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Saturday, 13 May 2017

Carbon dating finds ‘Penang Woman’ to be 5,710 years old

Grand dame: Prof Mokhtar’s team has also discovered the base of a shell midden, which is a prehistoric refuse pit, near the spot where the ‘Penang Woman’ was found in Guar Kepah, Kepala Batas.

Grand dame: Prof Mokhtar’s team has also discovered the base of a shell midden, which is a prehistoric refuse pit, near the spot where the ‘Penang Woman’ was found in Guar Kepah, Kepala Batas.

GEORGE TOWN: Radiocarbon dating done in the United States showed that the remains of the “Penang woman” discovered in Guar Kepah last month is approximately 5,710 years old.

According to Prof Datuk Dr Mokhtar Saidin from Universiti Sains Malaysia’s Centre for Global Archaeological Research, the dating process that took place last week has a margin of error of plus or minus 30 years.

“One of the details that needed confirmation was the sex, despite initial observations suggesting the body was probably a female.

“We also need to determine her height, cause of death, and at what age she died.

“We sent samples to a geo-genetic laboratory in Denmark for DNA testing last week, with the result expected to be out in six months,” he said yesterday.

The “Penang Woman” was discovered when the area was dug up to lay the foundations for the Guar Kepah Archaeological Gallery at a spot near the Penang-Kedah border, about 28km from Butterworth.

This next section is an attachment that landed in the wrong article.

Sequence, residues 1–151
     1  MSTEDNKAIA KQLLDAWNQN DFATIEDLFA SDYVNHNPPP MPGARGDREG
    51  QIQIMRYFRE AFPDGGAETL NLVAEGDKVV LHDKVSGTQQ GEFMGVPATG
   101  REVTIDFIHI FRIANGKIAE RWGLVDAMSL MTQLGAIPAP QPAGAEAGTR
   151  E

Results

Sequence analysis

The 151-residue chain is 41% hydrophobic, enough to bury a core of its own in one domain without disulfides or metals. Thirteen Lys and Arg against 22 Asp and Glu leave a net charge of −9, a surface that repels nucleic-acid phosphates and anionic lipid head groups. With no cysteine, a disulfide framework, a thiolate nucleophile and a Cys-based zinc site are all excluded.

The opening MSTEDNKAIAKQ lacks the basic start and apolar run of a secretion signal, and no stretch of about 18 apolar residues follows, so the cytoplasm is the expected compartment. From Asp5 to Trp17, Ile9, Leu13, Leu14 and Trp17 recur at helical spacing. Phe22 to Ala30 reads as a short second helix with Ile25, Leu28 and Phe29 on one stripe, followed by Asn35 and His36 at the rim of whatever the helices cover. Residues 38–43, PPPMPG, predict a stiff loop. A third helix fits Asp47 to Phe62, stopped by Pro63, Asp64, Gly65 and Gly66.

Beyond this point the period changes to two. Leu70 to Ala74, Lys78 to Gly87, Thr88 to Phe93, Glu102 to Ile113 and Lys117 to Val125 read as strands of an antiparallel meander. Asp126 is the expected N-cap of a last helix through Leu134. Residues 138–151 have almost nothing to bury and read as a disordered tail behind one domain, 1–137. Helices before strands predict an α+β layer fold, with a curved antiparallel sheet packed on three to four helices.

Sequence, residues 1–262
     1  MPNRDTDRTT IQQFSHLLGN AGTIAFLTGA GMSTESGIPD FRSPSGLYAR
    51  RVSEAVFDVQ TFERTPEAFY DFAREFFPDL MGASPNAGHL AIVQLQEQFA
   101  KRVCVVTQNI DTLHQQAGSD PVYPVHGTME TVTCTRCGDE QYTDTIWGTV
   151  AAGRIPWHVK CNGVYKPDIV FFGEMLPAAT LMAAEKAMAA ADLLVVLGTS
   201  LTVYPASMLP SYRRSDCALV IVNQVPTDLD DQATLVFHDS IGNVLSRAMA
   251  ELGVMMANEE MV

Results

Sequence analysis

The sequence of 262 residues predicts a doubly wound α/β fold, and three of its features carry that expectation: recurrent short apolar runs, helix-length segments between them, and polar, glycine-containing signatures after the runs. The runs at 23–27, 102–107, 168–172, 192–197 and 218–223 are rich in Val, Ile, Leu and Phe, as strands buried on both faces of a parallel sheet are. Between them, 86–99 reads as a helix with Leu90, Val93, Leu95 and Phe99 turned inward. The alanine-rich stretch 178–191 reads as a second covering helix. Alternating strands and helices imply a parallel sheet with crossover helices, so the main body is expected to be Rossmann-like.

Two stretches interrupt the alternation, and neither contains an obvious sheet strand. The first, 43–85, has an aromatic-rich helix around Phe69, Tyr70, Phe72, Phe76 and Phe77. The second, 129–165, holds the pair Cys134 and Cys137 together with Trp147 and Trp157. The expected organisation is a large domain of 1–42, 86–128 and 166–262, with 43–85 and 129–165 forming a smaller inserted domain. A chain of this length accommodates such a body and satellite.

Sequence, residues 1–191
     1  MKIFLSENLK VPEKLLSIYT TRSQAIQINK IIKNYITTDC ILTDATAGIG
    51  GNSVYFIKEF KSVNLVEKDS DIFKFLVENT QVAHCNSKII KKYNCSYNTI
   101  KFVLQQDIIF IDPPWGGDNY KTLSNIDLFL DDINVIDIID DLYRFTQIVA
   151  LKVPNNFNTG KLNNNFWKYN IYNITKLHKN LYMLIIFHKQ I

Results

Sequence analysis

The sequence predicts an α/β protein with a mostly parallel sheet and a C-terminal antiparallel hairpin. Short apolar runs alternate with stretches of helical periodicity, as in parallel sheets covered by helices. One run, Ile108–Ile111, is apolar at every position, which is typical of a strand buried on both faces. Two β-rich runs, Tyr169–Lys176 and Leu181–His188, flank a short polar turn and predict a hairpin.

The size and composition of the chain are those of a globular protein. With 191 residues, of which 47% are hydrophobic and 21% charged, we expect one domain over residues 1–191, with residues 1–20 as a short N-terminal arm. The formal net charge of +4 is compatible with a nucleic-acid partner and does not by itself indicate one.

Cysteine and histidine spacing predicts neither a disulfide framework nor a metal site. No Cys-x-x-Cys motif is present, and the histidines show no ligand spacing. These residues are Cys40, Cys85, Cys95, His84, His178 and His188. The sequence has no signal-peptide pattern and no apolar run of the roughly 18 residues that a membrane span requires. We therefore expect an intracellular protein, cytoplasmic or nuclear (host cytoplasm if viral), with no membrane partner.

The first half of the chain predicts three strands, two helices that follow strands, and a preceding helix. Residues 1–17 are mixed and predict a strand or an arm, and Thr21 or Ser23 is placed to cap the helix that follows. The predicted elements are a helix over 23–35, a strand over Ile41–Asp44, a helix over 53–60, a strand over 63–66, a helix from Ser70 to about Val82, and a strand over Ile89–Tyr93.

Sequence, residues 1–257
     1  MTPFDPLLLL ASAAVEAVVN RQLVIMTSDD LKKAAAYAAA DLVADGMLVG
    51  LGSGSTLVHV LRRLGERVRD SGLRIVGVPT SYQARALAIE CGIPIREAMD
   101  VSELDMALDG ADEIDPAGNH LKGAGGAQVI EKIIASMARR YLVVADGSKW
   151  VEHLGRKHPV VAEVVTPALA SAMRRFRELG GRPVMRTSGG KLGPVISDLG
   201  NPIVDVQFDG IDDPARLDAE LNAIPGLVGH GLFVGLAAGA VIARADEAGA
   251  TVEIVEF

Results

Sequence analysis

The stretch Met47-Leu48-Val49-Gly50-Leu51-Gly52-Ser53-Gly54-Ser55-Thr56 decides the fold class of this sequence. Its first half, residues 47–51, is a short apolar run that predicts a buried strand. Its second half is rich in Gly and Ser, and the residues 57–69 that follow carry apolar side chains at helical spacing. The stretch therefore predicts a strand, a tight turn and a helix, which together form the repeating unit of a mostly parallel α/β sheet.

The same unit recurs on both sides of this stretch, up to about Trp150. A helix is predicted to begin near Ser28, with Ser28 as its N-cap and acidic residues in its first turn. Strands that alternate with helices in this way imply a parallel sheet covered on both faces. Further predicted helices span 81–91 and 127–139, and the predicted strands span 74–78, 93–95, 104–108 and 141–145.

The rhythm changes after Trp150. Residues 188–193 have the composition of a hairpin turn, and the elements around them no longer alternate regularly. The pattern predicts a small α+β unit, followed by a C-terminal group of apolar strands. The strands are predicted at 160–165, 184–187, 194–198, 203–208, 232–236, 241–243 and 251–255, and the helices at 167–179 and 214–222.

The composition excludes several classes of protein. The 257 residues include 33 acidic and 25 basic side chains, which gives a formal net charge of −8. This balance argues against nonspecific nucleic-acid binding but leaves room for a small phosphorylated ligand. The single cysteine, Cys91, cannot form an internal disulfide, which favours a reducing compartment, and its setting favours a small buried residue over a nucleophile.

Prof Mokhtar added that his team made another great discovery when they found the base of a shell midden last week, near the spot where they found the “Penang Woman”.

Middens are essentially prehistoric refuse pits that usually contain waste products after a meal is finished, such as bones and shells.

“We thought the whole midden had been removed by the British archaeologists. This is a pleasant surprise to us all.

“The base of the midden was discovered some 30cm deeper from the remains, which were found at 70cm below ground.

“We are still exposing the base of the midden, which is about a metre thick. So far, we have exposed an area with a diameter of 2.5m,” he said, adding that different types of shells and pottery were found inside the base.

“With the discovery of the skeleton, there is a need to have a covered and air-conditioned archaeological gallery to preserve the skeleton. (With this), the cost of building a world-class gallery can escalate to about RM3mil,” said Prof Mokhtar, who added the matter will be raised with the state government at a technical meeting in two weeks.

Penang has granted possession of the 0.96ha archaeological site to Chief Minister Incorporated, and allocated RM830,000 for archaeological gallery, which would showcase human settlements in Penang during the Stone Age.

Tags / Keywords: archaeologist , Guar Kepah , discovery , PPAG , shell midden

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